The Hamilton Spectator - - SPORTS - GE­ORGE DIAZ

Fair warn­ing: Here comes an old man “get-off-my-lawn” rant.

The NBA is no longer a sports league. It is a priv­i­leged fra­ter­nity of blue­bloods al­ways angling for perks, es­pe­cially friends with ben­e­fits.

They will be true to your team only if it in­volves a bet­ter sit­u­a­tion, and big money. There’s al­ways a play to en­gage a new BFF, and dump yes­ter­day’s fav like stinky garbage. Mean­while, own­ers are throw­ing crazy dol­lars at play­ers, hop­ing some­thing sticks.

J.J. Redick, the old Magic guy, is go­ing to make $23 mil­lion a year. That’s a nice uptick from his $7,377,500 salary last sea­son.

Some dude named Joe In­gles signed a fouryear, $52 mil­lion deal with the Utah Jazz. In­gles av­er­aged a siz­zling 7.1 points in 24 min­utes last sea­son.

And Serge Ibaka — an­other old Magic guy, al­beit briefly — signed a three-year, $65 mil­lion deal with the Toronto Rap­tors. That’s the price one pays for a de­cent but not a game-changer kind of guy, as Ibaka was with the Magic.

And in the epit­ome of Mo­nop­oly money arms races, Steph Curry signed an ex­ten­sion with the Golden State War­riors, a con­tract worth $201 mil­lion over five years. For per­spec­tive, Curry makes more each day than roughly 95 per cent of Amer­i­cans make in a year.

At least Curry is a su­per­star who adds tremen­dous value to the fran­chise. But there are a lot of other guys who are steal­ing piles of money while shift­ing the bal­ance of power in the NBA way West.

Ev­ery pro ath­lete should grab as much money as he or she can dur­ing their ca­reer. The shelf-life is al­ways short for big pay­days. But the op­tics here are bad for the NBA. Or at least ex­tremely silly.

The petty per­sonal skir­mishes are rub­ber­neck­ing eye candy on the in­ter­net. A year af­ter Kevin Du­rant broke up with Rus­sell West­brook and the Ok­la­homa City Thun­der, LeBron James has jumped into the fray by not be­ing an ac­tive “re­cruiter” for the Cleve­land Cava­liers.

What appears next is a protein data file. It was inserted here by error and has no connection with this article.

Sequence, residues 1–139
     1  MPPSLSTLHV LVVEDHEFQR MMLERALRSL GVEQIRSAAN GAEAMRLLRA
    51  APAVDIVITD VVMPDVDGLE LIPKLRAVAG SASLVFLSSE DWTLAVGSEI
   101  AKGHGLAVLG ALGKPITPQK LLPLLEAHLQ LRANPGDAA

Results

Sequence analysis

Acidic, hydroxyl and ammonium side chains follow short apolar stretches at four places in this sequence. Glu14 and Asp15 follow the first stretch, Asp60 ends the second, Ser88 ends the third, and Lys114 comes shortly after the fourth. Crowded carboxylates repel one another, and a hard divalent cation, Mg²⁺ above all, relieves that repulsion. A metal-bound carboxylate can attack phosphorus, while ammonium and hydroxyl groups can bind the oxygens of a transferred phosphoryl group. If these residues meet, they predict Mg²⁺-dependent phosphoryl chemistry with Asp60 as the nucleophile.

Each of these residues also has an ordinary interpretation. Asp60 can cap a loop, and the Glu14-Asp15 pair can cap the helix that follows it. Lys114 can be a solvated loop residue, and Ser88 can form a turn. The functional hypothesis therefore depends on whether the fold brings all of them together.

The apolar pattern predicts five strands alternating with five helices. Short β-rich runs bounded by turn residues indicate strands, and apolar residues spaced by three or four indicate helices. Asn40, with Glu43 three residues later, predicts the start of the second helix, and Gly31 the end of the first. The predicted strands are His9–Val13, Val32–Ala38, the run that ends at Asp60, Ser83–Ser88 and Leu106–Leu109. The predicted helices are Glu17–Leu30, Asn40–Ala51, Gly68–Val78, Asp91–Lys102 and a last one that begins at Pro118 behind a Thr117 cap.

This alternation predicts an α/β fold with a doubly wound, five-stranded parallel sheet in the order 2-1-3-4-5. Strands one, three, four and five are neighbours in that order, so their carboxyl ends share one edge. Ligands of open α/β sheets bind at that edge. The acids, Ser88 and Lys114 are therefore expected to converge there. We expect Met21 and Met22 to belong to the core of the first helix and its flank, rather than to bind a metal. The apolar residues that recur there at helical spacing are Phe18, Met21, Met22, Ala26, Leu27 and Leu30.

The spec­u­la­tion is that LeBron is set­ting him­self up to take his tal­ents else­where again, which of course will es­ca­late the suck­ing up by mem­bers of those priv­i­leged NBA fra­ter­ni­ties.

This in­side skinny in­volves LeBron, Dwyane Wade, Carmelo An­thony and Chris Paul — all free agents next sea­son — star­ring in a re­make of “Co­coon,” when they all come to­gether to try to win a ti­tle when ev­ery­body is 57-years-old.

My math may be off, but you get the drift. The BFFs plan is both good and bad for the league. A hand­ful of su­per­pow­ers, with the vast ma­jor­ity of teams pan­han­dling along I-4, ask­ing “brother can you spare a power for­ward?”

All this drama seems to be a fab­u­lous busi­ness model. The NBA set the all-time reg­u­lar-sea­son at­ten­dance record for a third con­sec­u­tive sea­son, with 21,997,412 fans in the stands.

But the busi­ness model starts to go off the rails be­cause of the ob­vi­ous com­pet­i­tive im­bal­ance. It’s now ge­o­graph­i­cal, even if by cir­cum­stance. The West is the power grid, with stars like Paul Ge­orge, Paul Mill­sap and oth­ers bolt­ing from the East. Some met­rics have 22 of the league’s best 30 play­ers in the West.

The free agency dy­nam­ics also put the squeeze on teams that don’t have the star-power to lure other stars.

Yes, that would be the Or­lando Magic, a fran­chise that can no longer sell the weather and no state in­come taxes as a re­cruit­ing pitch. Their “come down and play with El­frid Pay­ton and Nik Vuce­vic!” game plan doesn’t seem to be work­ing well ei­ther.

In de­fence of the Magic, they don’t have crazy money to throw at play­ers this off-sea­son. A good chunk of the salary cap is eaten up by the four-year, $72 mil­lion deal they gave Bis­mack Biy­ombo last sea­son. He av­er­aged seven re­bounds and six points in 22 min­utes of play. At the risk of sound­ing like Cap­tain Ob­vi­ous, that doesn’t seem to be work­ing out ei­ther.

In the mean­time, brother can you spare a few bucks, Mr. Curry?


Rap­tors for­ward Serge Ibaka and Rap­tors pres­i­dent Ma­sai Ujiri smile as they hold a jersey dur­ing a news con­fer­ence in Toronto on Fri­day.

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